Life Extension

Immortality has been the Holy Grail for as long as we have records of human thinking. Probably immortality would be unbearable, but a significant extension of our lives would be something to strive for. And that is what we have done for centuries, with quite some success. The average life expectancy increased from below 40 less than 200 years ago in Western Europe to over 80 in 2010. Current thinking is that without fundamental developments in genetic engineering and other medical techniques the increase in life expectancy will top out somewhere around 100 – 106 years.

But these advanced methods are already being developed, with successful experiments doubling the lifespan of mice. I expect these developments to receive ample attention and funding, with the actual life expectancy increasing to well beyond 100, and with preservation of quality of life.

A phase in-between life extension, prosthetics and robotics is the field of non-biological life. I will not dive too deep into that right now, but this entails transplanting the complete conscious and subconscious footprint of a biological person into a non-biological mechanism. This is a fascinating field that has been used a lot by SciFi writers, just think of the talking space ships with personality in both Dr. Who and in the Culture books by Iain Banks (The Culture Boxed Set: Consider Phlebas, Player of Games and Use of Weapons).


Robotics

Robotics is popular among SciFi fans, and has a futuristic ring. However, robotics is a simple extension of the millennia long quest to create tools to make our life and work easier. Robots are tools that are controlled by artificial intelligence. Note that we live in a world that is full of robots, but we do not recognize them as such because the do not have a humanoid form. Machine intelligence will increase exponentially, both in the number of devices that contain artificial intelligence, and in the level of intelligence these devices have.

Robots

Most of these robots will not look like humans, or dogs, or anything living. The intelligence will reside for example in our cars (that will themselves prevent accidents) and in our houses (that will optimize for energy consumption and comfort, and will order groceries). Ubiquitous intelligence, to serve you and me.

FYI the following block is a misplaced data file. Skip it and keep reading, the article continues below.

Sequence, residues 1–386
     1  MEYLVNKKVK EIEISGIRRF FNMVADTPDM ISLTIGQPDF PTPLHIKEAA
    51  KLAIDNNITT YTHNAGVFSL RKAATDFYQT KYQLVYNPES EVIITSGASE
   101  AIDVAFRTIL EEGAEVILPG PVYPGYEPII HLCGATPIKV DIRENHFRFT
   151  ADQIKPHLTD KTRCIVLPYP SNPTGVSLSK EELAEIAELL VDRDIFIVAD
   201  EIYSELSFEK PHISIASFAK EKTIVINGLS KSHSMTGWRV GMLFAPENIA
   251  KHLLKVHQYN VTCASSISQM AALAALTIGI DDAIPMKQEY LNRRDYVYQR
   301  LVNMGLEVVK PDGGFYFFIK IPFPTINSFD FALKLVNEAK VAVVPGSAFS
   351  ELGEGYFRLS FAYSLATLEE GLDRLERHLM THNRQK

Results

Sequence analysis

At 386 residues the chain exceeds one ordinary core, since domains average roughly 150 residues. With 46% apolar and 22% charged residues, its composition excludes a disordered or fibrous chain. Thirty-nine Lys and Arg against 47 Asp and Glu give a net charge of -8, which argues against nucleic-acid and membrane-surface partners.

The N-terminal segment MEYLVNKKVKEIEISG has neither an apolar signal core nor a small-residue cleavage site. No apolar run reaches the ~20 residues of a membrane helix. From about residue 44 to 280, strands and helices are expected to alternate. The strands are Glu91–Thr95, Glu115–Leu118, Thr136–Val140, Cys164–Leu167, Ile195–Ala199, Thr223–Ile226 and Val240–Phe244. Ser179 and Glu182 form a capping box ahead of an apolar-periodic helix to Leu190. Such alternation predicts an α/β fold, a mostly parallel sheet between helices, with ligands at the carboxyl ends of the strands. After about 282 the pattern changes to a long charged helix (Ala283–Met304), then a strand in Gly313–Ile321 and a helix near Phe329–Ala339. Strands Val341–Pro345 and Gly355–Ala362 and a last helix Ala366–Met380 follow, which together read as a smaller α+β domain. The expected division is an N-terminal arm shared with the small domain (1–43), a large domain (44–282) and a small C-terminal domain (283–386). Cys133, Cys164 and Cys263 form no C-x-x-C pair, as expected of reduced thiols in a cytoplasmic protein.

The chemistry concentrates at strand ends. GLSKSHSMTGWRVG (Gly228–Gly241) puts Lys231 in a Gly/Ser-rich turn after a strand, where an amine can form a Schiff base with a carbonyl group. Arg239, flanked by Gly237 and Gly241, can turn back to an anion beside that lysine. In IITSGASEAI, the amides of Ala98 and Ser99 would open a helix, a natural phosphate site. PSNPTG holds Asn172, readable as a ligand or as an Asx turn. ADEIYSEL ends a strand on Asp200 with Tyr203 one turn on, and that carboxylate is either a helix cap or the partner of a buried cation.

Will we get human-like robots? Maybe. Because it is cool. Or because it would be a generic tool, that can handle all tools that are designed for handling by humans. In the end this will be a cost-benefit decision. Do not expect intelligent artificial men and women to roam our streets any time soon. But do expect year to year an increasing amount of artificial intelligence all around you!


Space Travel

Space was hot in the ’60s and ’70s. Then it cooled down, after the space race was preliminary won by the USA. The International Space Station, the gorgeous photos from the different space telescopes, and the Mars rovers have warmed up the mood for space again, after a cool-down period of ever decreasing budgets. Definitively also the discovery of hundreds of (exo-) planets around nearby stars has stimulated the taste for space again.

The good thing is that now most countries that were competing with each other during the Cold War are now partners in Space: The IIS is a splendid joint effort by NASA, the Russian space agency, ESA (European Space Agency), Canada and Japan. Only China and North-Korea still consider space as a nationalistic effort, with all the waste that this approach causes. Large scientific and technical enterprises like space travel require big budgets, long and stable commitments, and should probably be handled as global efforts, efforts by humanity as a whole.

Space exploration